Hedda Gabler retains its power to shock, even when indifferently performed. But when it's communicated in a production as powerful as that now directed by Adrian Noble, you stagger out of the theatre feeling singed to the soul. Noble is, in some ways, a strange phenomenon. He's the ex-artistic director of the Royal Shakespeare Company and yet, as was demonstrated several times while he was with that outfit, his strongest suit is not in the Jacobean theatre but in Chekhov and Ibsen. With the real-life Cusack sisters playing the fictional siblings, he directed one of most fully imagined productions of Three Sisters that I have seen. And that same feeling that every moment has been pondered anew is generated by this electric and dazzlingly dangerous version of Ibsen's great play.
As Hedda, Rosamund Pike gives a magnificent performance, radiating the kind of terminal discontent that, in some people, can be horribly magnetic as it shifts between bouts of irritable pseudo-energy and the dread stillness of someone spoiling for a fight. Pike is, of course, an extraordinarily beautiful woman – not for nothing was she cast as the lead in Terry Johnson's play Hitchcock Blonde. But beauty, not least in the luxuriant hair department, is a potential liability with this part. Hedda is supposed to have thin hair; it's why she harbours the schoolgirl bully's desire to take a match to Mrs Elvsted's superior coiffure. Pike, however, manages to distract you from the disadvantage (so to speak) of her loveliness by the mesmeric way she allows lazy languor to convey the always latent destructiveness of this woman.
Trapped in a marriage that she rancorously regrets among provincials whom she wrongly regards as her inferiors, Hedda could still have been written as principally a victim-figure. But Ibsen's play is doubly feminist in that it refuses to make excuses for her. Her problem is that she crucially lacks courage. She's like someone who has the "artistic personality" without the guts it takes to create art. Pike does not coarsen into vampiric melodrama Hedda's creepy confining of herself to vicarious experience. The excellence of the production can perhaps be summed up by the thought-provoking way it treats the difficult moment when Hedda feeds Lovborg's manuscript to the flames. It can seem a bit B-movie, but while not underplaying the flickering horror of the sequence (as updated versions have in converting the manuscript to an antiseptic laptop or memory stick), the incident is complicated here because as she turns the pages Hedda starts to read them, sidetracked into unscheduled absorption in his intellectual world. It makes you wonder, for once, whether this opus is actually good.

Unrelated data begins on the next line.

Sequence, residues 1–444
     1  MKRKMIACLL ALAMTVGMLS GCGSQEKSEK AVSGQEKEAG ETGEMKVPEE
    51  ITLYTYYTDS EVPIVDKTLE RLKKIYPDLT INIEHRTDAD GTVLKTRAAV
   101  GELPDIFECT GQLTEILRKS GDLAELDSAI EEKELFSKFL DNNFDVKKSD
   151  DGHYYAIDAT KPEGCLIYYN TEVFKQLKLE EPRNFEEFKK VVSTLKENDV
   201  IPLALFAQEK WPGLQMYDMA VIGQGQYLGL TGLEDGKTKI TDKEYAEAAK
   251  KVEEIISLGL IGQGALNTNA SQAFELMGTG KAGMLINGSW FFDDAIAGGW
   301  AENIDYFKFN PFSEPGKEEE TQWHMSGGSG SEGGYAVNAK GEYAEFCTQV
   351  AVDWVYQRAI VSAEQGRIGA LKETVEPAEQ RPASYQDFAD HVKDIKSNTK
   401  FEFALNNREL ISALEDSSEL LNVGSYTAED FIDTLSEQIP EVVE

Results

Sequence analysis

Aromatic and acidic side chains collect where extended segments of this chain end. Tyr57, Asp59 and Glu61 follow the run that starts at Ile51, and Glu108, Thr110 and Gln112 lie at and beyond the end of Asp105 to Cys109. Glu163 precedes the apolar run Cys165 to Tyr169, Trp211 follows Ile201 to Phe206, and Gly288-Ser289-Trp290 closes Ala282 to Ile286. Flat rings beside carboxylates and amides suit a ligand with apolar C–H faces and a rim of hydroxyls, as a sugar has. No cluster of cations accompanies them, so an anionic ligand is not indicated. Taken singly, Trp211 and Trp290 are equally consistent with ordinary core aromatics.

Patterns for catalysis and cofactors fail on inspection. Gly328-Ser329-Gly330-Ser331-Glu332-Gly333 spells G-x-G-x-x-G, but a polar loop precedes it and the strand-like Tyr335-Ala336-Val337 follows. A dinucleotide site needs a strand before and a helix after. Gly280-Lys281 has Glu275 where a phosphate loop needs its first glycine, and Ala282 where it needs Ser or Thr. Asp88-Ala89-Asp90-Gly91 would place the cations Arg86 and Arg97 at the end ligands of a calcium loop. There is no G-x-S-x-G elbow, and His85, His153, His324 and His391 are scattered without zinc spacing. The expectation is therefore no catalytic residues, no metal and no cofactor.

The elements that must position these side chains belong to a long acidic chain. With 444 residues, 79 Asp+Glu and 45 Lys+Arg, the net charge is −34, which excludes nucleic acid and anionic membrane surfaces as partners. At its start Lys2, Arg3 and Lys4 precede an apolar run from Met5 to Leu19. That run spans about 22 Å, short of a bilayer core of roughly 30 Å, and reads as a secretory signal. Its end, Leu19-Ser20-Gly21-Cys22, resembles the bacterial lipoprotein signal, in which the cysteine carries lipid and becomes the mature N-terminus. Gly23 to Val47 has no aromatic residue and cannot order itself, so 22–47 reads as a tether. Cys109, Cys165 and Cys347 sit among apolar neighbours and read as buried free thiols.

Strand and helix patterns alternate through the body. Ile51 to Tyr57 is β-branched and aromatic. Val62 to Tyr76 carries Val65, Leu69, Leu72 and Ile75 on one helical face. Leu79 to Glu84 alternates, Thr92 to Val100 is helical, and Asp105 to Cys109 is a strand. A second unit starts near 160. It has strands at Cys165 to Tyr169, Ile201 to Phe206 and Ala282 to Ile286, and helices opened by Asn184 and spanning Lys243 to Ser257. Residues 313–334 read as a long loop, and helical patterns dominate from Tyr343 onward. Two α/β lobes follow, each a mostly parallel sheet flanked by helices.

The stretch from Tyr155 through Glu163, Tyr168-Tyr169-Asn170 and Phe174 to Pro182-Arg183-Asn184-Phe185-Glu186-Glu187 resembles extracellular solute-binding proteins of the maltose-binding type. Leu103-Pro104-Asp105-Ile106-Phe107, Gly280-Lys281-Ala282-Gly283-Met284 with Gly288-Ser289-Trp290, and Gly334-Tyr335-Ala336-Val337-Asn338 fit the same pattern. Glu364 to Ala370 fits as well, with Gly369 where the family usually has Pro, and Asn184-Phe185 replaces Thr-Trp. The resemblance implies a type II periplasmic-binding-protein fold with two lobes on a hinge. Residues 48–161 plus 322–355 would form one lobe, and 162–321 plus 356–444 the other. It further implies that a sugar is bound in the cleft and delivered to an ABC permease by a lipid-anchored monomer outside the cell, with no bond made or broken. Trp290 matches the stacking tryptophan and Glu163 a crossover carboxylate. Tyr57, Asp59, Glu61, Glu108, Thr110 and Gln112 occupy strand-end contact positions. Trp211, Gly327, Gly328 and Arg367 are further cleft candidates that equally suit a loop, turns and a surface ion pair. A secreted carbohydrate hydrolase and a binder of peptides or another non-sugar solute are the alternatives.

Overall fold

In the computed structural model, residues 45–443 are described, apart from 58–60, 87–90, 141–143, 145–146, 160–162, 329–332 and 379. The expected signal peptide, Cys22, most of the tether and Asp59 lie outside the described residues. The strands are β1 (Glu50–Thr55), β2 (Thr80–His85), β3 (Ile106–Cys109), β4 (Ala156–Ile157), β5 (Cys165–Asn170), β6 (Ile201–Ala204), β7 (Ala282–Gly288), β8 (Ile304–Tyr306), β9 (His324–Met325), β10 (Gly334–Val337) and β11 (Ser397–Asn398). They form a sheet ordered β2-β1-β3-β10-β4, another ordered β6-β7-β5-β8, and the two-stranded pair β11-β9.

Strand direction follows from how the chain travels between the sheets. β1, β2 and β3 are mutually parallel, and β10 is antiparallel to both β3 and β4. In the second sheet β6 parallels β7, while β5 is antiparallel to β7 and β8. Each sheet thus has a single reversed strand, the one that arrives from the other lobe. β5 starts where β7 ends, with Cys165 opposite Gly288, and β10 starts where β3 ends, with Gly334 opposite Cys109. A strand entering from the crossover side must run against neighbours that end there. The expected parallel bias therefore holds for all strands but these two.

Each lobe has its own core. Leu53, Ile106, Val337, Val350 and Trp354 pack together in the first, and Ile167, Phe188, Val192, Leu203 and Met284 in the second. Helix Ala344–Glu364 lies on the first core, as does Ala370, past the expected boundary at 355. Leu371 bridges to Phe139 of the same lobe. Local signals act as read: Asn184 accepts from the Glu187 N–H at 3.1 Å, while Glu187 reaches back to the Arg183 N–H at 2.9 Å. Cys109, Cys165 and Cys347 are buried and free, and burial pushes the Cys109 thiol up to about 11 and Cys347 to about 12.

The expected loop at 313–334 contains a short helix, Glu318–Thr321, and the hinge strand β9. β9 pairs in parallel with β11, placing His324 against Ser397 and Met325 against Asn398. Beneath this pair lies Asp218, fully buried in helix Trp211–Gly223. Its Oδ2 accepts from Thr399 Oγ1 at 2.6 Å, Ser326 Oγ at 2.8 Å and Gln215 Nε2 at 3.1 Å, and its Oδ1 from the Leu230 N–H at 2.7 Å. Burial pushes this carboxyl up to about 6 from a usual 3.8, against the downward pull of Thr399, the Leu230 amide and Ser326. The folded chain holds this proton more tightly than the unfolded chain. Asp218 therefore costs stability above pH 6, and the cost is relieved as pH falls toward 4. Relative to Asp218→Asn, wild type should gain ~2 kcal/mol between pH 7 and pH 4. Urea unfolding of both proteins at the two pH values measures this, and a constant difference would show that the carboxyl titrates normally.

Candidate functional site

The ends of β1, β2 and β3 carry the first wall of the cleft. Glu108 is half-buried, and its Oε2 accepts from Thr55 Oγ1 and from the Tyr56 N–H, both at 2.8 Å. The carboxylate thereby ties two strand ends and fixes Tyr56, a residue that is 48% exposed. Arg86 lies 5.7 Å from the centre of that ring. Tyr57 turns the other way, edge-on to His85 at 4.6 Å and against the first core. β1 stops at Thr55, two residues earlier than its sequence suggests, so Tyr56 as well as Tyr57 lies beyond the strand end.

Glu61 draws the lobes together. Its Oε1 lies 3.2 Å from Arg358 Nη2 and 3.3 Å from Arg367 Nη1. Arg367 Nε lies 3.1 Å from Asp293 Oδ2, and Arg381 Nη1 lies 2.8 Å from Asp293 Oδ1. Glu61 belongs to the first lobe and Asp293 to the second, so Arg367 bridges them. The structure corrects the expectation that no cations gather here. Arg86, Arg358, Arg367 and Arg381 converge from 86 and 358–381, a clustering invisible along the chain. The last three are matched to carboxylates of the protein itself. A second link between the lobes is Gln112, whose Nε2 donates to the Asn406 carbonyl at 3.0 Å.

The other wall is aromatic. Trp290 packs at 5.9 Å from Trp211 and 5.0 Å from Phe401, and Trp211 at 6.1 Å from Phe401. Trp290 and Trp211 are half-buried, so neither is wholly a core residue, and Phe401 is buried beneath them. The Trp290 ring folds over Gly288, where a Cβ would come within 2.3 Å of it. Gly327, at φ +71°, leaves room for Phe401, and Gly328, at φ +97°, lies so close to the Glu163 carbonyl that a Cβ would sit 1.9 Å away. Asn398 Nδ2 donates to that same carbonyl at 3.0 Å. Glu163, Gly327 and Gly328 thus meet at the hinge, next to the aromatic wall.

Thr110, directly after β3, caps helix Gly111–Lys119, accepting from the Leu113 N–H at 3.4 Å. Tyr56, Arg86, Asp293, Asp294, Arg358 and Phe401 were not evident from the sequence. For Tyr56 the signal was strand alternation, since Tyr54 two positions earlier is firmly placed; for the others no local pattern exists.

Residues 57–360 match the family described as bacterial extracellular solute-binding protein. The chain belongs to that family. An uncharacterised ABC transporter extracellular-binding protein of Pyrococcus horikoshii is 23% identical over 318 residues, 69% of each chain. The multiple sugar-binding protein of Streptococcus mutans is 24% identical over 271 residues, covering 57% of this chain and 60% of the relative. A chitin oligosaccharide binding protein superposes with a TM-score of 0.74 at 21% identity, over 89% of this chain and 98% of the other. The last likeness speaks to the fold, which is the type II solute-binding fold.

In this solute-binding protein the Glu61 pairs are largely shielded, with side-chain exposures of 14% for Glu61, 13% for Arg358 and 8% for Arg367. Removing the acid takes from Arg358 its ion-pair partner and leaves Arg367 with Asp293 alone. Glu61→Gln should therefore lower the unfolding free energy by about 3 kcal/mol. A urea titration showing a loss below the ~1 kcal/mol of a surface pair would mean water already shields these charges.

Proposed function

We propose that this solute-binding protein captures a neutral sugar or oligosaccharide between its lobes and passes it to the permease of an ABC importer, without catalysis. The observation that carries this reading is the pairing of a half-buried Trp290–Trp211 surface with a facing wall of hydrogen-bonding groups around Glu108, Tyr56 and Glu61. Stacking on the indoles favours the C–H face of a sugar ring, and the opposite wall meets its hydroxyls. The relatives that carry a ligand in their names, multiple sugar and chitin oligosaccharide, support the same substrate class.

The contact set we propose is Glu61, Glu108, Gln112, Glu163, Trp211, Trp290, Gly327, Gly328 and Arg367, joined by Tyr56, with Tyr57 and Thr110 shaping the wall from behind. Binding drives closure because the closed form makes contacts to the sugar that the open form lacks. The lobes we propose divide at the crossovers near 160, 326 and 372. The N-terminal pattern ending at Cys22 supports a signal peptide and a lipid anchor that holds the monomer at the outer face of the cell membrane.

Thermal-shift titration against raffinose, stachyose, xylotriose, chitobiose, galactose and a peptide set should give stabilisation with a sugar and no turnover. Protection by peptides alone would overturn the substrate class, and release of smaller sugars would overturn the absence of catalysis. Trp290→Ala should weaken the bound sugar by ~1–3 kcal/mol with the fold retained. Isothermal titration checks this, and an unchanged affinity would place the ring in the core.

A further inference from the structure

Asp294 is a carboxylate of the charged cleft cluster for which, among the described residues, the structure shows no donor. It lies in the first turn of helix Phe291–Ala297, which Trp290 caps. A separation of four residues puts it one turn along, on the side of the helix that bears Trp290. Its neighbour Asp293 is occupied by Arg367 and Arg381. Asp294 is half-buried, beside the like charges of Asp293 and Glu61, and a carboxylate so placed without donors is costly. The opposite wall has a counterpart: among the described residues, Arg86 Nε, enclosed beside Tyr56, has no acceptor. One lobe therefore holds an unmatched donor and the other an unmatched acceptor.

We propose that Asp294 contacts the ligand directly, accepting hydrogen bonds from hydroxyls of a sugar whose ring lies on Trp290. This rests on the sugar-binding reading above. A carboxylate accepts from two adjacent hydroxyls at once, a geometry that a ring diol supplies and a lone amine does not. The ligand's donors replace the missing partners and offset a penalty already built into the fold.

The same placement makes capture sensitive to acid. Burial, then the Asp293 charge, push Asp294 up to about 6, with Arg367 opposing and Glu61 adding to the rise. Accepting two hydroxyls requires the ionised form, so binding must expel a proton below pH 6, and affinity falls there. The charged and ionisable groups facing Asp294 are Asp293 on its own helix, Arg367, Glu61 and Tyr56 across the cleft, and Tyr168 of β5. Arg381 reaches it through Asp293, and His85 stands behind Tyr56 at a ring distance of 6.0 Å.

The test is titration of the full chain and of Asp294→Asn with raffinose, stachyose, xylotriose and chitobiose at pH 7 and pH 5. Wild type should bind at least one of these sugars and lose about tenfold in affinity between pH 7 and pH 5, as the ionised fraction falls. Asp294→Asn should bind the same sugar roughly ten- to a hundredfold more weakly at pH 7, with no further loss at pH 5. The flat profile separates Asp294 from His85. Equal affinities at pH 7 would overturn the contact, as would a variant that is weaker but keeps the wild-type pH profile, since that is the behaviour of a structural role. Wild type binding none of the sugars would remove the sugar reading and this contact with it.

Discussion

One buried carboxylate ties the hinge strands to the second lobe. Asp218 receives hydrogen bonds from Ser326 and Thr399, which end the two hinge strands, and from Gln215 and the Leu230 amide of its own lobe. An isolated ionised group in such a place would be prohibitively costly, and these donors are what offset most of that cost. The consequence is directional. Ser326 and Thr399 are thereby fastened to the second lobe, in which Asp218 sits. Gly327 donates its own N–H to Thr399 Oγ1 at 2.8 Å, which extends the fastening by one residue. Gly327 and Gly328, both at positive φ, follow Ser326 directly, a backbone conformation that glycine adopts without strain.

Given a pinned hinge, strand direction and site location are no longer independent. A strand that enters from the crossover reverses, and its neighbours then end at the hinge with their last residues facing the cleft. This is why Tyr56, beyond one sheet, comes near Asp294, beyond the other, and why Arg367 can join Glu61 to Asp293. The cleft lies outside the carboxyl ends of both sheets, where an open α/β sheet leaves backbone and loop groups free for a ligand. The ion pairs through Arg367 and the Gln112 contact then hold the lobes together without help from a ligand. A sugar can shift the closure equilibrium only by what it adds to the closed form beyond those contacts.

The cast are uniformly strong. It makes a different kind of sense of the play to make her husband, Tesman, grizzled and middle-aged. Robert Glenister's fine performance brings out all the consequently excruciating tension between his maddening boyishness and the sense of him now as like a permanently immature travesty of Casaubon in Middlemarch. Anna Carteret is touching and very funny as Aunt Juju, defending herself with dignity over the famous mix-up with the hat which here, interestingly, does not seem like an act of long-range premeditated spite on Hedda's part. Also, at an intriguing angle to the norm, is Tim McInnerny's interpretation of the emotionally blackmailing Judge Brack as a man capable of being caught out and false-footed in the course of his insidious and insinuating campaign of trying to gain a sexual hold over Hedda.
The set, too, is just right. It's clear that Hedda has done nothing about rearranging, to her, the disposition of objects in this expensively rented house. For all its stiff formality, it looks, tellingly, as though she and Tesman are camping out in a museum of furniture.Reuse content